This demonstration, which is unique in the world, was set up under the leadership of Hans Prinz (1907-1978), Professor of High Voltage Engineering and Switchgear Technology at TH Munich. During the demonstration, the visitor discovers high-voltage engineering through alternating current and through impulse voltages. The former is the type of voltage used in our energy supply, the latter are produced by storms and switching operations and can cause far-reaching disruptions.
This complex installation that is remarkable from an engineering perspective has been in operation since 1953. When selecting the demonstrations, great care was taken to set up the programme sequence such that the essence of the relevant effect can be demonstrated in a way that even laypeople can understand within a manageable timeframe and with the help of a just a few experiments.
1835the physicist Faraday carried out a first experiment with the Faraday cage.
The Faraday Cage
With an alternating voltage of 50 hertz (which corresponds to the frequency of the domestic power supply), the shielding effect of a Faraday cage against electric fields is established particularly impressively by bringing a wire mesh ball that is insulated from the Earth to a high voltage potential after a person has taken up a position inside it. The Faraday ball, which has no fields inside it, has a diameter of 120cm. It is insulated from the crossbar by two rod insulators arranged next to one another and can be lowered by the control panel so that it is low enough for a person to sit inside it. Then the ball is pulled up and the test transformer is stimulated to such an extent that, at around 270kV, there is a breakdown at the 70cm spark gap parallel to the rod insulators and the layperson can see that the ball really has been subject to a high voltage.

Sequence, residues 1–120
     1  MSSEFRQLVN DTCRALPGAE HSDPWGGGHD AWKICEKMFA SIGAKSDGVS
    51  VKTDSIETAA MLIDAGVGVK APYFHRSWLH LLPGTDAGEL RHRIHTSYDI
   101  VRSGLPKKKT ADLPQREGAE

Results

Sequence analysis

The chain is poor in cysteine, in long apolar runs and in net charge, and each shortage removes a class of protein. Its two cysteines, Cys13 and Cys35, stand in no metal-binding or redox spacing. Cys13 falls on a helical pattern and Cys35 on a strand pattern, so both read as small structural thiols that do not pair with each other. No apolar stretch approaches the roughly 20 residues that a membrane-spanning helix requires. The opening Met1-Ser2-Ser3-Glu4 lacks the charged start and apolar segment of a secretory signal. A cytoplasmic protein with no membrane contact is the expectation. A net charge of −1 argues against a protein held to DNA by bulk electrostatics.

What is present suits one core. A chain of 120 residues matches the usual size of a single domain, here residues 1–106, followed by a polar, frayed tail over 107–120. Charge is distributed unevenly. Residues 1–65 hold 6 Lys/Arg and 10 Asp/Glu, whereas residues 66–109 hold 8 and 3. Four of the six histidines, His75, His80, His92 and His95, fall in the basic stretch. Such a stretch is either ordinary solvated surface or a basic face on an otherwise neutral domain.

In the second part of the alternating voltage experiments, the effect of high-current alternating current electric arcs and the electro-dynamic force effect of high-current copper cables are demonstrated to the visitor.
With alternating voltages of 50Hz, we demonstrate:
- 300,000 volt transformer:
the discharge operation (corona) and voltage breakdown in the air,